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Old 07-31-2016, 02:31 PM   #8
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Originally Posted by JIMNLIN View Post
In the OP case the rear tires at 80 psi are over inflated for the load. A LT275/70-18 E has around 3500-3600 lbs of capacity. The 2500 Ram has a 6200 RAWR or 3100 lbs per tire load capacity so 80 psi is simply too much pressure even at max loads. Trailers add little to non weight on the trucks front axle.
That is interesting.
The tire at 80psi is rated for 3640
Firestone¬*Transforce HT

The rear axle is 6,000 or 3,000 each tire.

http://www.ramtrucks.com/assets/towi...ing_charts.pdf

This raises the question, why wouldn't they put a tire on closer to the axle rating to save the money?
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Old 07-31-2016, 02:44 PM   #9
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At least the truck does not go into limp mode if the tire PSI is out of EPA regulations. Well, for now. LOL.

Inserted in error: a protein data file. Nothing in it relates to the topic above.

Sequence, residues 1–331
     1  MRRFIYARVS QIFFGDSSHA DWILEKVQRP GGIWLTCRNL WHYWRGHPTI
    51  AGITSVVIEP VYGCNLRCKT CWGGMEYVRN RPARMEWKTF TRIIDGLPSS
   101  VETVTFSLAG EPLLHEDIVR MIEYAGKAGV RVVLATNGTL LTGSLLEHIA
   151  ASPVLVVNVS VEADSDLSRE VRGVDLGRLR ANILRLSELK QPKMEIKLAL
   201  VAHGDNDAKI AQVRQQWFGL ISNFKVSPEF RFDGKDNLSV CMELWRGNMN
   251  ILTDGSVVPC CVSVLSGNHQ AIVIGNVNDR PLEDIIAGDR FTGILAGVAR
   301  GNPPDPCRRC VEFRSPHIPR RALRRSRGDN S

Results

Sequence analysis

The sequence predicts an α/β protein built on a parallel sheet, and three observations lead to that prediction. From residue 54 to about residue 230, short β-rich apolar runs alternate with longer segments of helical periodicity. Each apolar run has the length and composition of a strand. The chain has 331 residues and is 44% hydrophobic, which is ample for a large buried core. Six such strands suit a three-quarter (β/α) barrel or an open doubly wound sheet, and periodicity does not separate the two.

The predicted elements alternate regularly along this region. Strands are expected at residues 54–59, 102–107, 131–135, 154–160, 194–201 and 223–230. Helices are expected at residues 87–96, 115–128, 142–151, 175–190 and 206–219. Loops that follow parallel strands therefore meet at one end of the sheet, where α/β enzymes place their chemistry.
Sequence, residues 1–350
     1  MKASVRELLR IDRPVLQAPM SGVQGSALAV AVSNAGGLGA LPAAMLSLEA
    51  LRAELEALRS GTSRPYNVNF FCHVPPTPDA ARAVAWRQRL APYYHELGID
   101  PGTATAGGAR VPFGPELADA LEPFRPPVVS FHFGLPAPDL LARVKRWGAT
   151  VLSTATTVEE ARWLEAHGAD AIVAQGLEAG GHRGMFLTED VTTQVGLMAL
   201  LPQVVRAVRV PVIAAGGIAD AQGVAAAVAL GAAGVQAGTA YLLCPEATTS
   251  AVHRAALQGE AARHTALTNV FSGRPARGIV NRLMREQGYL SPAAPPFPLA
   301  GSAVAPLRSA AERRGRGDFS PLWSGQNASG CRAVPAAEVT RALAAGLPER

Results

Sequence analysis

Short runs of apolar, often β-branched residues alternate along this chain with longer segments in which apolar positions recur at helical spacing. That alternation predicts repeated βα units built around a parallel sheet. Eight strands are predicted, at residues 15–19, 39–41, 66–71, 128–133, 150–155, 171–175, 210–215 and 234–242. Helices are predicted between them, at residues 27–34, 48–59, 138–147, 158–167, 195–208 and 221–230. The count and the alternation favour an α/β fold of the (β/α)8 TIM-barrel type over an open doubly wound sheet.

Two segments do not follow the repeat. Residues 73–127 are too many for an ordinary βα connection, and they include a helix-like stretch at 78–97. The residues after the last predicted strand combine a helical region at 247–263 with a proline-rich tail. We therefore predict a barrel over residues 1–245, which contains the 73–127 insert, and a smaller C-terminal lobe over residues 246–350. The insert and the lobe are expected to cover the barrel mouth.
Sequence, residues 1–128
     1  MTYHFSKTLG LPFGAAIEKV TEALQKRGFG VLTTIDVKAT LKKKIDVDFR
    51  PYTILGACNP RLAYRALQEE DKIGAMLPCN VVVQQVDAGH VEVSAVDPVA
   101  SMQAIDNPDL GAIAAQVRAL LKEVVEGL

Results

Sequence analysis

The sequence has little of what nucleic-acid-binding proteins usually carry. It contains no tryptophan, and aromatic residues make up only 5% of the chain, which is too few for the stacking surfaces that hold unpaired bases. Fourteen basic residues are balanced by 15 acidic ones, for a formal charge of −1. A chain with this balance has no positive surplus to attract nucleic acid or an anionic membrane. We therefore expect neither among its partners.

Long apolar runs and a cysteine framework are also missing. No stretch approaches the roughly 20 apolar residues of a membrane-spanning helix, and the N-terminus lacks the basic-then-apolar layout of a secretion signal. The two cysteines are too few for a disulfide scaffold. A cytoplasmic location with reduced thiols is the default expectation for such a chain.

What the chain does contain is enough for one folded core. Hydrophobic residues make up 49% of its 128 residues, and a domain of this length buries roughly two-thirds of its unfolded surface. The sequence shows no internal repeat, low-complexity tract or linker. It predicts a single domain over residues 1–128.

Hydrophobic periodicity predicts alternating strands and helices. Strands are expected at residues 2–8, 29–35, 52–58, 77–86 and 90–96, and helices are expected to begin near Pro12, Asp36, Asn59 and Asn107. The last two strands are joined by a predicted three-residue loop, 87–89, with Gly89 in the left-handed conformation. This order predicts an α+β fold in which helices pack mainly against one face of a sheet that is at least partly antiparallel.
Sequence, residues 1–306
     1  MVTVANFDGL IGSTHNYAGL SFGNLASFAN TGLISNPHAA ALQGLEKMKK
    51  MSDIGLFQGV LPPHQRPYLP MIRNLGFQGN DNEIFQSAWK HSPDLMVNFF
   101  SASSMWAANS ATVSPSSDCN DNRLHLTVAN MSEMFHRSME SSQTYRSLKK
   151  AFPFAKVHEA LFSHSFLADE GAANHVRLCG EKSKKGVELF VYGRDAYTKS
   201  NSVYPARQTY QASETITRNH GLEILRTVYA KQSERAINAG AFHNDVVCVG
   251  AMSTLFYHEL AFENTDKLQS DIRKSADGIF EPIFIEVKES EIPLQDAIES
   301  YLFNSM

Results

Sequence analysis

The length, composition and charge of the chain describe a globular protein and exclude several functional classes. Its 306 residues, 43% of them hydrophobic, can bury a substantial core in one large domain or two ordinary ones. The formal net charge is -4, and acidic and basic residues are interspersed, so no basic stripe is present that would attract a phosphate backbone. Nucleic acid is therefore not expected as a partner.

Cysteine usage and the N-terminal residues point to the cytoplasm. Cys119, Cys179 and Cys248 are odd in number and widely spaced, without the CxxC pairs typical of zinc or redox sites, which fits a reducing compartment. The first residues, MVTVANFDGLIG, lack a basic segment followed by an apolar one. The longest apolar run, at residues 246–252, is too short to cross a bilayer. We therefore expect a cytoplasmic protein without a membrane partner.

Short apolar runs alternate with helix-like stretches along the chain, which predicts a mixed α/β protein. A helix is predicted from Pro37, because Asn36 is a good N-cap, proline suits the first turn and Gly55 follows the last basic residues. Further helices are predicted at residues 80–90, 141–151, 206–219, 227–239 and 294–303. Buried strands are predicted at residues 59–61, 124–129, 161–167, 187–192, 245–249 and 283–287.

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Old 07-31-2016, 08:12 PM   #10
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Probably because your truck has the optional 18" wheel and tires.
Look at the 17" OEM tires for a 2500 truck which may have a 3195 lb capacity.

In some cases truck makers have not changed the tire placard and it still reflects pressures for 17" OEM sizes.

Check with your Ram dealer if your concerned with the tire placard numbers.
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Old 08-09-2016, 11:20 AM   #11
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Why Tire Pressure at Max 80psi recommended for 2500?